Stick with this one.
Early on, World’s Greatest Dad spends a lot of time convincing you that Robin Williams’ Lance Clayton, a high-school poetry teacher and failed author, is the world’s saddest sack, and that his son Kyle (Daryl Sabara) is the most aggressively unpleasant teenager you’ve ever met. With Williams in low-energy mode and Sabara going for broke, the first third of the film is a chore.
Yet World’s Greatest Dad takes a turn after a tragic (and blackly comic) accident leaves Kyle’s reputation in his father’s hands. Lance concocts an elaborate charade that wins him sympathy, respect and – most deliciously – acclaim as an author. But can he live with the false narrative he’s constructed?
The best scene in the movie involves Lance wrestling with just that question. Appearing on an Oprah-like talk show to talk about Kyle, Lance lies through his teeth and describes him as a “sweet boy.” He then instinctively lets out a confessional giggle, which he tries to quickly mask as a cry. It’s a bizarre little bit of layered acting that left me in a confused state of giggling myself.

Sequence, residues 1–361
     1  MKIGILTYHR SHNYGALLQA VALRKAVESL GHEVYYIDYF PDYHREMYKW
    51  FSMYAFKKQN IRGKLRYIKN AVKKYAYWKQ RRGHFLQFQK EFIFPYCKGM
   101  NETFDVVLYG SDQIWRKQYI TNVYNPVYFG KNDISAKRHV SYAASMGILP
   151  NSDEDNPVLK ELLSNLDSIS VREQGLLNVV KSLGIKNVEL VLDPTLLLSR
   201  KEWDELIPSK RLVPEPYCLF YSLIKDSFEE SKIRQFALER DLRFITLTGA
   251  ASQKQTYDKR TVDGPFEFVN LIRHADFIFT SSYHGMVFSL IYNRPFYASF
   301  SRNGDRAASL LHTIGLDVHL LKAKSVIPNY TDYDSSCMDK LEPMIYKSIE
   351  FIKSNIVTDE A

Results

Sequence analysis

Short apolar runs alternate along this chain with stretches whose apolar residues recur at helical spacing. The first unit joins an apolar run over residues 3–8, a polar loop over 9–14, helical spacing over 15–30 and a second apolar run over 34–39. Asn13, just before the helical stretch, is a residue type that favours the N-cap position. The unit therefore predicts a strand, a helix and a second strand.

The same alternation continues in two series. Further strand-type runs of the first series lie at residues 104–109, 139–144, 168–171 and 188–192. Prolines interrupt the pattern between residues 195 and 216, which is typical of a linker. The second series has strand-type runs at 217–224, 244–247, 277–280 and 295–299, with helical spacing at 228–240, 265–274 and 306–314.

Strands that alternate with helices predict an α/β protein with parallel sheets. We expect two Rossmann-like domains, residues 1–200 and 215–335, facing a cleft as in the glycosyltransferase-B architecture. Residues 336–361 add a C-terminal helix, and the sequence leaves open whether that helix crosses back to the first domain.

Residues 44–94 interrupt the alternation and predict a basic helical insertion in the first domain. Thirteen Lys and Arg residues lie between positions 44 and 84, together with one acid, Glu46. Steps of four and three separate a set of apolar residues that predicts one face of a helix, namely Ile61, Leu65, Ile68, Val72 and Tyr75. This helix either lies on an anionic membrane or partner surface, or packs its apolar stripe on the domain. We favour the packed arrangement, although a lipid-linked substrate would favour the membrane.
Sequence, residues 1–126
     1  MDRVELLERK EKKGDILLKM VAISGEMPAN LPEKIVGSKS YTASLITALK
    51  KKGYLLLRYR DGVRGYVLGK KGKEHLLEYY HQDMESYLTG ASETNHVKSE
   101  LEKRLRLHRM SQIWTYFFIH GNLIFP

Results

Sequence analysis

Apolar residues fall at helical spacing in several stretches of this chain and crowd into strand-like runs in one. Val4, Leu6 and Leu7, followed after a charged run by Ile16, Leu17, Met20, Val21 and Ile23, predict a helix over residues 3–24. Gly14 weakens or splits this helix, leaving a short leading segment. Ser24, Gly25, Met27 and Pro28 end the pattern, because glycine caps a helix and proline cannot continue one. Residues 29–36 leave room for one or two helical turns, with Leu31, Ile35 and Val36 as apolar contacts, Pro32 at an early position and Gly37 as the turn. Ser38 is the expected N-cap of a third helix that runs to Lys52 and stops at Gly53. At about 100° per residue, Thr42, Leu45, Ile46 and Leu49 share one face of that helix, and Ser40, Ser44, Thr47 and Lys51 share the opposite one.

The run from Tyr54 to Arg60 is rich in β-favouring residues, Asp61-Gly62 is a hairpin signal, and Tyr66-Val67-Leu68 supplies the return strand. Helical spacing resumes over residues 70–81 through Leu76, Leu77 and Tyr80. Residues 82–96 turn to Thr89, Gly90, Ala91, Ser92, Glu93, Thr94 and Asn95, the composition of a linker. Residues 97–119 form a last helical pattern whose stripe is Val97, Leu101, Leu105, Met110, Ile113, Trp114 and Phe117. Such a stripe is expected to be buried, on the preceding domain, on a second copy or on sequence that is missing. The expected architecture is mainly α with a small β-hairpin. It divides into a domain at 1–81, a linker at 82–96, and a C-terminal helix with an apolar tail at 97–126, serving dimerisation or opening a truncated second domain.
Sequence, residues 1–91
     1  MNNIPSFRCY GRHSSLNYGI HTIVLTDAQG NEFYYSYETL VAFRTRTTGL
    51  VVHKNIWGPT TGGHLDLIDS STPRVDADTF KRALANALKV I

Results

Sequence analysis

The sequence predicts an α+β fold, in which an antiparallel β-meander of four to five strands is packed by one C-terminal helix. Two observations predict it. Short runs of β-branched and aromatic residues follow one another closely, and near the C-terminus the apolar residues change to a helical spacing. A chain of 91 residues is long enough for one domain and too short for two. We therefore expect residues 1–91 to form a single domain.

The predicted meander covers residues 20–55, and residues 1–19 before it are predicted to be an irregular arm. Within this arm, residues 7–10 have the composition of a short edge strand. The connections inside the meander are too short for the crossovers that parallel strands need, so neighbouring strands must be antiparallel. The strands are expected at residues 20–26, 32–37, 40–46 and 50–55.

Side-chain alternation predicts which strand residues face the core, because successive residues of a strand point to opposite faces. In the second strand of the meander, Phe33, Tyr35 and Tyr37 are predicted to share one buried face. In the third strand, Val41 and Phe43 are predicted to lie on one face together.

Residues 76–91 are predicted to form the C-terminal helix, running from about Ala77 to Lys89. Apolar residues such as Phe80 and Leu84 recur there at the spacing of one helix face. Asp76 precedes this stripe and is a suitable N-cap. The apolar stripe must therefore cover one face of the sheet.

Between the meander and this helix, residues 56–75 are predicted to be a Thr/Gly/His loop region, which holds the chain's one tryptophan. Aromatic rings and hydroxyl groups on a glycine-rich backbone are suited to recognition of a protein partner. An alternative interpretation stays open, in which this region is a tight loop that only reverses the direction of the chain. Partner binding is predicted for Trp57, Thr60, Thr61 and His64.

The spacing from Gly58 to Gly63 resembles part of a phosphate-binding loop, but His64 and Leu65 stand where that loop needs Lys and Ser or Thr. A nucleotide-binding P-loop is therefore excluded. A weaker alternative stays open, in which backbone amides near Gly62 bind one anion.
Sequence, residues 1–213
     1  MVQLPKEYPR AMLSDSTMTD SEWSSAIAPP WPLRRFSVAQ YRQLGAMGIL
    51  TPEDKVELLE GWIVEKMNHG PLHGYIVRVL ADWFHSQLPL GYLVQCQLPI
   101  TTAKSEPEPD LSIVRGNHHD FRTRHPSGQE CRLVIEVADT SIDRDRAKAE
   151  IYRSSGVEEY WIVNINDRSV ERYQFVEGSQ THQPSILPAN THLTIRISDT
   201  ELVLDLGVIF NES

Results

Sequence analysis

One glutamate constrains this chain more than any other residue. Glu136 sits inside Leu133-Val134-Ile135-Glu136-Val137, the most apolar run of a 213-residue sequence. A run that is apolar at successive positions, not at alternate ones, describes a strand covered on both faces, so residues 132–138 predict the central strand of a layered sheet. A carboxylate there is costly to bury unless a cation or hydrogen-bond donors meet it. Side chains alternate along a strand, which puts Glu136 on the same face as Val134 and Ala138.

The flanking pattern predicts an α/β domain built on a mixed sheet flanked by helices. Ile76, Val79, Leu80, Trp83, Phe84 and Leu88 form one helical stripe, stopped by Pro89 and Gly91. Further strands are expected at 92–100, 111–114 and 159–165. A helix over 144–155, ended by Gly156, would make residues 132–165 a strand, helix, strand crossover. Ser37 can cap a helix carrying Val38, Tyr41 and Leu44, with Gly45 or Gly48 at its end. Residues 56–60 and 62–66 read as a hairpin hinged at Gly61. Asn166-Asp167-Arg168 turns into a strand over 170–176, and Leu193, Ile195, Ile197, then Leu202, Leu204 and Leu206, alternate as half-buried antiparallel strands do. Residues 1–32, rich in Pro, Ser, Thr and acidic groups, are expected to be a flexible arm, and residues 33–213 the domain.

So did much of the movie. Although writer-director Bobcat Goldthwait doesn’t have the smoothest time envisioning his warped scenario – there is a lot of dead air and a handful of flat scenes – World’s Greatest Dad is a bitterly dark comedy whose aim is uncomfortably true. And just when you think the movie has gone too far, Goldthwait pulls off a genuinely cathartic confessional sequence in which Williams performs a high dive wearing nothing but his socks. It’s a gesture that would make Herman Blume proud.